How Accessible Is Internet Access Whilst Traveling?
Before heading off on a trip, most people like to know how much access they’ll have to the internet (and how much it’ll cost them). In the age that we live in, the internet is part of the lives of millions of people, so questions such as ‘How accessible is the internet in X?’ are to be expected.
Many people go traveling to get away from their life and home and to have a break from everything, so as a result they might want to avoid using the internet. While this is sound in theory, once you go traveling you’ll soon start to miss your friends, family and lots of the things you left behind, so the internet gives you a quick and easy way to stay in touch and to provide regular updates to your loved ones.
While pretty much every country in the world now ‘has’ the internet, this doesn’t mean that it’s easily accessible for the average traveler. It’s good to have some idea of where and when you’ll next be able to get online so that you can plan your internet activities accordingly.
Let’s take a look at how accessible the internet is throughout the most popular traveling destinations around the world and where the best places to go online are:
The USA, as you would expect, has excellent WiFi access for those with a laptop or mobile WiFi device. Most hotels, hostels and coffee shops (among other places) will have WiFi, and it’s nearly always free to use.
Internet cafés are a lot harder to find, but in major tourist areas they can be found. In addition to this, most hostels will have an ‘internet room’ where they’ll have computers set up that you can pay to use.
The cost of using a computer at internet cafés in the USA is pretty expensive, so it’s best to plan out your internet activities beforehand.
Internet cafés are rare in most parts of Europe, but most public libraries will have an area where you can use computers – sometimes even for free.
In major European cities, WiFi shouldn’t be too hard to find, as it’s often available in most hotels, hostels, coffee shops and pubs.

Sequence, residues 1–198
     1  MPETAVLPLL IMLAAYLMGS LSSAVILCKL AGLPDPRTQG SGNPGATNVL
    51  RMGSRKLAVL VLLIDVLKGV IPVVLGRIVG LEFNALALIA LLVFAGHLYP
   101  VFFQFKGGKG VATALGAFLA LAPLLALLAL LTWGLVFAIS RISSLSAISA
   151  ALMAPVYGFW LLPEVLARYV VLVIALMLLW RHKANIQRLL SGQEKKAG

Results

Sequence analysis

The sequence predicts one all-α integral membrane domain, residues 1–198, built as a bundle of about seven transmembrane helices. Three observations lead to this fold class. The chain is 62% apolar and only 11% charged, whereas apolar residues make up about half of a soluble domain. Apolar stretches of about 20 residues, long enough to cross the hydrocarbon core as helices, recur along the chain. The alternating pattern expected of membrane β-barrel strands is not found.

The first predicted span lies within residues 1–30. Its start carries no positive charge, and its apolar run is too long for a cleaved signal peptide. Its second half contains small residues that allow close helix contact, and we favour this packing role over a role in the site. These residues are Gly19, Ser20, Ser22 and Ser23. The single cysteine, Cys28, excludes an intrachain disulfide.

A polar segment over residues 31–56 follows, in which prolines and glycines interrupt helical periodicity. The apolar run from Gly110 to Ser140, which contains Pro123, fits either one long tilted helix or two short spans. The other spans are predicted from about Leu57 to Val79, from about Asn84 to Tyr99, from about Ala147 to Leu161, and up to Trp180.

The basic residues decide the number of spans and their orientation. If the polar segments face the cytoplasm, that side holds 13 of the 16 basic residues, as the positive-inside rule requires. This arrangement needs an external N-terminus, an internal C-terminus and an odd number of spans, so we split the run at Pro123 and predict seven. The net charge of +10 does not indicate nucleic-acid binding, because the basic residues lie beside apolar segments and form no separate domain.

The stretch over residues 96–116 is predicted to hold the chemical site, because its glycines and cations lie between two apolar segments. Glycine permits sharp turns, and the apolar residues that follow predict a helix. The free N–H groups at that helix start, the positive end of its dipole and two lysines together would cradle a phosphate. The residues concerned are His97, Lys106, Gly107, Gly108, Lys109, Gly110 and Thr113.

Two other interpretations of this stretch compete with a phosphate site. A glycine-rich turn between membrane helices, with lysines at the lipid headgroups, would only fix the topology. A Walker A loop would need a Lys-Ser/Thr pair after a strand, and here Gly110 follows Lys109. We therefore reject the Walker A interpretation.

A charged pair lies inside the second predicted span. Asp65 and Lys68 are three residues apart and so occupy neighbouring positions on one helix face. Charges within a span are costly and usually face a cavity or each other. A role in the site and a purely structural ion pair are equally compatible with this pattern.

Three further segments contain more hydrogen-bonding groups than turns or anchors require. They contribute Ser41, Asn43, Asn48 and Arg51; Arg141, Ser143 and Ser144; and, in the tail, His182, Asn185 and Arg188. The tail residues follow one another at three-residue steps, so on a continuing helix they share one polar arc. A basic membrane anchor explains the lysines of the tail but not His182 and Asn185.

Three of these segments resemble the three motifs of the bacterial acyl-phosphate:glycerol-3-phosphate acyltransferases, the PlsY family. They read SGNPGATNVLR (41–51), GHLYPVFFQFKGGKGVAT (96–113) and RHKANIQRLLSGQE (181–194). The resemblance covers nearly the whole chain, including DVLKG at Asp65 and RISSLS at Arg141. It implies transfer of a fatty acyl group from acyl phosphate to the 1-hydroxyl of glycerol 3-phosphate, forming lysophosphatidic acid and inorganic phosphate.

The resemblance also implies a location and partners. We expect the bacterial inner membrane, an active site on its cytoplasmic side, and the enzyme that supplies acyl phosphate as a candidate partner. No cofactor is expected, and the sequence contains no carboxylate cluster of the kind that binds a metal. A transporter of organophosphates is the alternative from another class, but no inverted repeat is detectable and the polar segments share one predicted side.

Australia & New Zealand
Internet access in Australia and New Zealand is usually pretty easy to find in the built up cities and major tourist areas (like most places in the world), but outside of that you’re going to struggle to find anything.
Most hotels offer free wireless access to those with laptops/wireless devices, but also have computers that you can pay to use.
The South Pacific
Out of all of the places in the world, The South Pacific (i.e. the Cook Islands, Fiji, etc.) is probably the most expensive place to use the internet in the entire world (possibly because it’s so remote), and you’ll often have a rather slow connection speed.
Sure, it’s true that in such a beautiful place you’ll seldom want to use the internet, but if you’re caught up in the middle of a monsoon and you have nothing better to do you might have little other choice.
South East Asia
South East Asia has perhaps the most accessible and cheapest internet for travelers in the whole world. As long as you stay close to the big cities/towns and the main tourist areas, you’ll never be far from an internet café offering cheap rates.
That being said, as you venturing further afoot you’ll find internet access to be almost non-existent, as the region doesn’t yet have the same technological infrastructure as parts of the Western world.
WiFi is far less common in South East Asia (unlike Europe and the USA), and is really only found in large hotels (if at all). This isn’t usually much of a problem, however, as internet cafés are so common and so cheap to use.
The Alternative – Bringing a Laptop With You
Depending on the kind of trip you’re taking and how much you need to use the internet, taking a small, lightweight laptop/netbook with you can be a viable alternative (providing you don’t mind taking the risk of losing it).
If you go traveling a lot and use the internet a lot it can save you a lot of money in the long run (particularly if you’re traveling in areas where the internet is expensive to travelers – such as in the USA).
Seeing as processing power isn’t as important as portability, these can typically be found for as little as $230 / £150.
If you’re traveling to an area where WiFi is common (such as the USA, as most coffee houses and hotels have WiFi) an alternative to bringing a laptop is to bring an iPod Touch.
These are great because they’re super compact (making them easy to hide from thieves) and they won’t add any real weight to your baggage. While they can’t access the internet like laptops can (through an Ethernet cable), they can connect to WiFi and they have a built in web browser and a touch-screen keyboard, meaning it’s just as easy to keep in touch with your loved ones.
I took my iPod Touch with me last year as I traveled around the United States, and was pleasantly surprised how easy it was to find free WiFi. I occasionally had to go on ‘WiFi scouting mission’ – where I ended up walking around the streets to find a building that was giving out free WiFi (as I had to send important emails), but these missions were often short and bountiful.
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